A garden fete in the Lyttelton foyer provides the unofficial third part of “House” and “Garden,” the pairing of Alan Ayckbourn plays across two National Theater auditoria (and five hours) whose sheer audacity constitutes a theatrical event. (You try writing two plays to be performed simultaneously by exactly the same cast.) But long before the audience spills out onto an interior patch of “lawn,” indulging such quintessentially English pastimes as Bat the Rat and the Human Fruit Machine, theatergoers have been treated to a scarcely less enduring and equally English sight: Ayckbourn prompting explosions of laughter while chronicling a landscape of infidelity, perversion and pain that could not be more lethal.
Consider, for instance, the running gag in “House,” which is far and away the better of the dramatic duo — the plays were premiered in tandem last summer at Ayckbourn’s home theater in Scarborough — and ranks among the very fiercest and funniest of this dramatist’s nearly 60 (and climbing) works to date. Trish Platt (Jane Asher) is bustling about the country pile she shares with prosperous businessman-husband Teddy (David Haig) and 17-year-old daughter Sally (Charlie Hayes), preparing to host a lunch in advance of that day’s fete.
But while Teddy stands nearby, making the occasional face to attract attention, she has rendered him invisible. “Sooner or later, life pays you back,” says Trish, who tends frequently towards such apercus (the character is Ayckbourn’s most obvious surrogate), and the silent treatment is her way of paying Teddy back for his adulterous liaison with Joanna Mace (Sian Thomas), wife of neighboring doctor, Giles (Michael Siberry).
Adultery is an Ayckbourn constant, as are such mainstays of “House” and “Garden” as social embarrassment, drunkenness, hysteria and incomprehension, both within households and across cultures: Teddy has a rain-soaked and noisy fling with a visiting Gallic film star (a drolly fast-talking Zabou Breitman), whose every outpouring of French is met with affectionate, if uncomprehending, burbles in reply.
But just as “House” and “Garden” structurally extend this playwright in new directions, so that an exit in one play can anticipate the same character’s entrance into the other, so, too, does “House” push the envelope in terms of content. I can’t think of another Ayckbourn moment to rival the encounter in the second act of “House” between a visiting silver-haired novelist, Gavin Ryng-Mayne (“with a y,” he is forever announcing helpfully, as if every fresh acquaintance were intending to write him a letter), and the Platts’ pubescently curious daughter. Separated in age by some four decades, the two launch into an erotic fantasy which then gets scarily ruptured by Gavin, whom a silken Malcolm Sinclair — the lone standout in last year’s misbegotten West End “Hay Fever” — plays, matchlessly, in the performance of the evening. (Listen to him urge Sally to “sniff the wine, deeply” and feel the frisson.)
Those who catch both plays in whichever order — I saw “House” first, then “Garden” — may respond most to Ayckbourn’s controlling device, which replicates in dramatic terms his oft-quoted dictum that “we are all walk-ons in other people’s lives.” (Some jokes are, as well: a gag about the exact title of the French actress’s latest film bubbles up in one play only to land fully in the other.) That explains why the neighboring Maces, who are little more than incidental to “House,” command the lion’s share of “Garden” — to its detriment, frankly, insofar as neither a terminally dull Siberry nor a wildly over-the-top Thomas anywhere near approach their first-rate co-stars, Asher and Haig. At the same time, Asher, a redoubtable Ayckbourn veteran here in deliciously tart form, makes a scant first-act appearance in “Garden,” whereas most of “House” concerns her Ibsen-esque desire to bid a stultifying country life goodbye. Possessed of a lineage Hedda Gabler might recognize, she is an admiral’s daughter, even if it remains Trish’s lot to have her fate summed up with comic concision — “Marry a Platt, and that’s that.”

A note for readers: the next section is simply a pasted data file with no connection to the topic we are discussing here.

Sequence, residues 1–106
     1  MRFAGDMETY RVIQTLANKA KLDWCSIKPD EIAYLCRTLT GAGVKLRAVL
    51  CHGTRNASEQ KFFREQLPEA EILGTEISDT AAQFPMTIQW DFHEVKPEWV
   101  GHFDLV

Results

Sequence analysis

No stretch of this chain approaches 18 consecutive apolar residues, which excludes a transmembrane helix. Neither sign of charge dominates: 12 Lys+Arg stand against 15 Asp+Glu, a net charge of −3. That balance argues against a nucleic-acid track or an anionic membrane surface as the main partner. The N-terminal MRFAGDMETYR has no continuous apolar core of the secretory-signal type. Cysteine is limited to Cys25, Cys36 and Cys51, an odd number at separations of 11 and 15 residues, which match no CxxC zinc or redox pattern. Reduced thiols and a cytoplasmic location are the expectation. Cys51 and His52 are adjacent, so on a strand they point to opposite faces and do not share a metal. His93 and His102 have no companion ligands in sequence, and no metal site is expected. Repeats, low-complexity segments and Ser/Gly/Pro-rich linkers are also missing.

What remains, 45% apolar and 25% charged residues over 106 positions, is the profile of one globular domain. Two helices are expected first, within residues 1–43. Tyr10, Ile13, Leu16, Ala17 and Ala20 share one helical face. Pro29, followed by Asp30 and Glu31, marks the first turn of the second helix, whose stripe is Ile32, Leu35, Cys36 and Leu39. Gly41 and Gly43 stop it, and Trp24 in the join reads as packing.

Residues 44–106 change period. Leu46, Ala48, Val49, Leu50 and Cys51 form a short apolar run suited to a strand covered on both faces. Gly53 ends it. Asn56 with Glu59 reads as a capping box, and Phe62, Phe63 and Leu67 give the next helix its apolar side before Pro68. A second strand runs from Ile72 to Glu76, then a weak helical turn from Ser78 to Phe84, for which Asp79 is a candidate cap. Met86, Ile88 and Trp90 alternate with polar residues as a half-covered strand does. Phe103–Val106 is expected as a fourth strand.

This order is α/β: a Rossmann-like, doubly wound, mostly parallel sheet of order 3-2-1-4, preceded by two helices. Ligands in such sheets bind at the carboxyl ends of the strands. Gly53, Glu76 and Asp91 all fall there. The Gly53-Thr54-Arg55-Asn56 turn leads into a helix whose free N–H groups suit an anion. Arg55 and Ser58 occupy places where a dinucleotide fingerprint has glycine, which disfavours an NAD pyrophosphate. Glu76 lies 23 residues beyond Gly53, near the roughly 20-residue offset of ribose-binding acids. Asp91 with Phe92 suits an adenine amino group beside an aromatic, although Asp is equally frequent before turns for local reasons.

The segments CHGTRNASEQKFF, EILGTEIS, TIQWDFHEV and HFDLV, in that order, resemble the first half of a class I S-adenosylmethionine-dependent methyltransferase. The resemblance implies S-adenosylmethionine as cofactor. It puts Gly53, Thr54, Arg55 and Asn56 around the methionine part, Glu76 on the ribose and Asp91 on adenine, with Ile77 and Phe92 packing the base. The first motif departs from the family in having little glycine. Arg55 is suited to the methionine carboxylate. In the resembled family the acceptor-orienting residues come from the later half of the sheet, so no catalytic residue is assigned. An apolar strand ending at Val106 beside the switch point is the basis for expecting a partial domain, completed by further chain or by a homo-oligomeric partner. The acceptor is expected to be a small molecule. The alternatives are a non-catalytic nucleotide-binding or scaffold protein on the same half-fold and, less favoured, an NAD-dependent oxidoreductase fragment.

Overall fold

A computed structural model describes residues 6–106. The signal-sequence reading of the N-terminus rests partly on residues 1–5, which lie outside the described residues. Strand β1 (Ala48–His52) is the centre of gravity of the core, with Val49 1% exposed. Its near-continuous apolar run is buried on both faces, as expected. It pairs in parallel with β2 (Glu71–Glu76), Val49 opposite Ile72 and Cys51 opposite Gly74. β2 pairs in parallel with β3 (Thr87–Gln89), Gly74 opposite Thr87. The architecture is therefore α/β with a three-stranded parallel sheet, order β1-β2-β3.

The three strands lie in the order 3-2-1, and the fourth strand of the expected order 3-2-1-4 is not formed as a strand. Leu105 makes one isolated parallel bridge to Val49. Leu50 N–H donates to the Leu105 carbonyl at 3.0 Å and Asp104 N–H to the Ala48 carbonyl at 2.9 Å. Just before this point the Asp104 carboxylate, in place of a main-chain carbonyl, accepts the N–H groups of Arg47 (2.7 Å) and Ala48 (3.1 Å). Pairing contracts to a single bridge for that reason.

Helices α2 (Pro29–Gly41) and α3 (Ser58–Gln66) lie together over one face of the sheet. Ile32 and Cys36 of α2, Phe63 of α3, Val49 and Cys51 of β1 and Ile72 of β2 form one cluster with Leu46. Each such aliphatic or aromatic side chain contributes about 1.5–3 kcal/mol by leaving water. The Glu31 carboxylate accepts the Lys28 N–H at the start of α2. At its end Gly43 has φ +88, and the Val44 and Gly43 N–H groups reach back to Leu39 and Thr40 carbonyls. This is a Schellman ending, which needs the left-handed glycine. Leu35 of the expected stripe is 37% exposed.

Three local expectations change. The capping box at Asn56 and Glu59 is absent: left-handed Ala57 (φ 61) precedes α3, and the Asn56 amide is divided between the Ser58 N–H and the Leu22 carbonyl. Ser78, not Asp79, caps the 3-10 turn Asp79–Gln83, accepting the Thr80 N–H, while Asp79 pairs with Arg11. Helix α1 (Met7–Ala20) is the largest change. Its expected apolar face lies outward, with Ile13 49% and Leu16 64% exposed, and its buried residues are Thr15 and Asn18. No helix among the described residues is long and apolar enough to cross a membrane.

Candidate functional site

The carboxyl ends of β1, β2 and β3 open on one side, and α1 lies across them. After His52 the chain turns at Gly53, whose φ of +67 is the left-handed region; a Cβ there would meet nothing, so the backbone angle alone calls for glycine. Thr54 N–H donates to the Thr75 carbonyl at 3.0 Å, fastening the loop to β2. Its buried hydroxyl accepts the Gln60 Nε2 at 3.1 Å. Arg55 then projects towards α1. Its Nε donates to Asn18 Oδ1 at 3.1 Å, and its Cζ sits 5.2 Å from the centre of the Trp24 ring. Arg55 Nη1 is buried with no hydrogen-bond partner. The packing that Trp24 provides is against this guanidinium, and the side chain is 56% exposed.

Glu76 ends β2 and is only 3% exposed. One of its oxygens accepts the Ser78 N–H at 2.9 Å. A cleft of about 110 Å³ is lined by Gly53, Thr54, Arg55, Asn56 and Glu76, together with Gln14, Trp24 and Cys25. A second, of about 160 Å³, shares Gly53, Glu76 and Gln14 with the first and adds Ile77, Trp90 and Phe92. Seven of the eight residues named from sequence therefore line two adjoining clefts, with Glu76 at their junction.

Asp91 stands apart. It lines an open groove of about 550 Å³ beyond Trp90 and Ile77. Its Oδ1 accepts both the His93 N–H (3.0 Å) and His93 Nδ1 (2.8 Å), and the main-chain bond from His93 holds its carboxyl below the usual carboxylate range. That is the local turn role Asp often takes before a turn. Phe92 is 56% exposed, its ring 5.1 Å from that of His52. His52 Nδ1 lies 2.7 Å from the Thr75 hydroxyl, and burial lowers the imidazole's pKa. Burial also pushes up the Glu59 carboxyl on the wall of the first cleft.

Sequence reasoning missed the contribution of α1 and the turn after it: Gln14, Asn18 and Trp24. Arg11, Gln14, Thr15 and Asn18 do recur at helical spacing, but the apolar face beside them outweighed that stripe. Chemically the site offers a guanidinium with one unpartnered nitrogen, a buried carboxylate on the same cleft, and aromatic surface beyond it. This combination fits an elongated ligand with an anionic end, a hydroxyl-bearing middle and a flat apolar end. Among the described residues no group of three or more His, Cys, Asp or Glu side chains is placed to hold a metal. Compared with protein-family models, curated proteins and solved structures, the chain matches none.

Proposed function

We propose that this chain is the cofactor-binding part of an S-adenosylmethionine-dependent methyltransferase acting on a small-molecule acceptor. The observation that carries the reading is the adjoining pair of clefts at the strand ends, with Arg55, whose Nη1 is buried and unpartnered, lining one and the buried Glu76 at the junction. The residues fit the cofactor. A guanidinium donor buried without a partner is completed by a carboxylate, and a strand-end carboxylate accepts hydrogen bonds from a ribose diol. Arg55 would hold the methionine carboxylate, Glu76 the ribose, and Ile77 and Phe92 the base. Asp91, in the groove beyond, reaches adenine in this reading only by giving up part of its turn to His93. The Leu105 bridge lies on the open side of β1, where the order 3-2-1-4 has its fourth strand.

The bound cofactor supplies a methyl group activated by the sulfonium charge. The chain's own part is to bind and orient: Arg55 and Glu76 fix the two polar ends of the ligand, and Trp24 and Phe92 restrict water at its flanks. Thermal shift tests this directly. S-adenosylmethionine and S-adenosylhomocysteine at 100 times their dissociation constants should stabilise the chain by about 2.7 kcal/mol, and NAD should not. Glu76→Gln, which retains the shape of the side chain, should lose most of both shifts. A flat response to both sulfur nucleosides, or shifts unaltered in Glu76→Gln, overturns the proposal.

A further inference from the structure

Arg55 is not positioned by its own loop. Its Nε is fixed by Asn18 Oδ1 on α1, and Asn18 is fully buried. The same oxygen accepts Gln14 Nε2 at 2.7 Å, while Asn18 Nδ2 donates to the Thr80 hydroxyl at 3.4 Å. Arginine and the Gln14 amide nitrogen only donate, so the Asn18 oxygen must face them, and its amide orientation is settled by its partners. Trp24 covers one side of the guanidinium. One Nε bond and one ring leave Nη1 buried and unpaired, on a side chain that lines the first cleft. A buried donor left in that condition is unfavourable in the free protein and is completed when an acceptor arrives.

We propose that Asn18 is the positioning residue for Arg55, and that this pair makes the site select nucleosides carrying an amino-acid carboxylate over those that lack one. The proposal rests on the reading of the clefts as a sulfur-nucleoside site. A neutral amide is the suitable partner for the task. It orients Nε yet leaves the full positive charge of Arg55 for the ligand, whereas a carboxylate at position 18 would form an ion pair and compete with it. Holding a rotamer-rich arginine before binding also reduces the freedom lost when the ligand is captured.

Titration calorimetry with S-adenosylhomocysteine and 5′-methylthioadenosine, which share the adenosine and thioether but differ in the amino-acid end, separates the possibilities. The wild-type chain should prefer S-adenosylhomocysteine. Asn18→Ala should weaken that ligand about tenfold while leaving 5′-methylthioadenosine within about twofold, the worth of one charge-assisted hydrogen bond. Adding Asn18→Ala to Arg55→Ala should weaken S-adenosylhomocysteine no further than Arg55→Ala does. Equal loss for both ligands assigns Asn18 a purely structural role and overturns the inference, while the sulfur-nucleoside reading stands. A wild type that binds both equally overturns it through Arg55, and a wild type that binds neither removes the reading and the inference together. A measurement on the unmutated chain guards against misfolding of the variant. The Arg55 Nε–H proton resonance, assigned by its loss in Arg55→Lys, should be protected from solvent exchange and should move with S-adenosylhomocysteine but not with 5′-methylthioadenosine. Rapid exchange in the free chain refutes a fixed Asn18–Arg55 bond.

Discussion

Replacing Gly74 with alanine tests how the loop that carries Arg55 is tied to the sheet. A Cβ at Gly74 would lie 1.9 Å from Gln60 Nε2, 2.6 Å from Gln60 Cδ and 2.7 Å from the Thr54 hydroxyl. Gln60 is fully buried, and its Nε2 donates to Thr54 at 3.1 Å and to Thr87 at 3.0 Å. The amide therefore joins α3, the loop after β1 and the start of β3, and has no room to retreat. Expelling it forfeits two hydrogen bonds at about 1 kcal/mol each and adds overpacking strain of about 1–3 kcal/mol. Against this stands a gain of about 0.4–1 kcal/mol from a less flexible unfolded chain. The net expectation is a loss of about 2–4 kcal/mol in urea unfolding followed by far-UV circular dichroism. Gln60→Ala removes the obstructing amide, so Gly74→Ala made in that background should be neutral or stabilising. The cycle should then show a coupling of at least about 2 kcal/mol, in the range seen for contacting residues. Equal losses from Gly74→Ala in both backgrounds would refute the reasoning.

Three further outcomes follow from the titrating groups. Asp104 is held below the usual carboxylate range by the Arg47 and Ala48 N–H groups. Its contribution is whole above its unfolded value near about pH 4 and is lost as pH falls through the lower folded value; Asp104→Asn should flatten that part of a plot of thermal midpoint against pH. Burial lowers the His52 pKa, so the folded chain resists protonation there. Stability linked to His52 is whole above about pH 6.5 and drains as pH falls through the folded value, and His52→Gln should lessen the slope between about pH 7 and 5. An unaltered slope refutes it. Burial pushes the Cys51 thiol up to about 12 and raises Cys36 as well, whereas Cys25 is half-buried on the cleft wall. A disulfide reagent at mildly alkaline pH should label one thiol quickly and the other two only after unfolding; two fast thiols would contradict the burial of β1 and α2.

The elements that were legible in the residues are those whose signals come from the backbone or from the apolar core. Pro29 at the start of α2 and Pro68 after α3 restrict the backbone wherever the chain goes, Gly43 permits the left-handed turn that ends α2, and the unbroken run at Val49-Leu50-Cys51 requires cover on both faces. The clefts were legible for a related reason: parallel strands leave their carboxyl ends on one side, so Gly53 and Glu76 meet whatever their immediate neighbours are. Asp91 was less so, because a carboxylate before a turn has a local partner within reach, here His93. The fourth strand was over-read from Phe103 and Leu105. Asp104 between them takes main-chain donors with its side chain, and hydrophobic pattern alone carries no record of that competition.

Of the principals, Teddy is the character best apportioned between the two plays, his thwarted political ambitions in “House” — Gavin is the thriller writer-cum-government apparatchik arrived from London to check him out — turned mostly to frenzied expressions of lust in and out of a tent in “Garden”: Haig does both portraits proud. While the Platts’ various domestic help careen between plays (it’s an 87-second trot, apparently, between the two NT stages), young Sally parries the advances of a more suitable suitor in the bespectacled Jake (a touching James Bradshaw), the Maces’ journalist-son, until some surprising declarations of love bring the two texts to what could best be described as a qualified hopeful conclusion.
Can the plays be seen separately? Not “Garden,” which depends for what little enjoyment it offers on filling in the gaps from having seen “House” — the initial meeting, for instance, between Gavin and Sally that turns so insidiously savage once the two return to designer Roger Glossop’s ever-so-gently fading manse; taken by itself, “Garden” would doubtlessly feel inconsequential and mightily padded. It’s part of a larger equation, not a lasting play of its own.
Happily, that’s not true of “House,” which always complements its partner while staking out separate terrain as a definable Ayckbourn document of nuptial (and other kinds of) woe. It’s not just the comedy this dramatist finds in chaos (“If you want to throw plates, could you please use the service with the gold rim,” requests Trish coolly) but the belly laugh inherent in life at its most bleak. (“You’re very cheerful,” Sally tells Jake near the end. His classic reply: “Yes, sorry.”) With “Garden,” Ayckbourn seems to be taking a leisurely if aimless stroll, while “House” allows a playwright both mirthful and ruthless to fully hit home.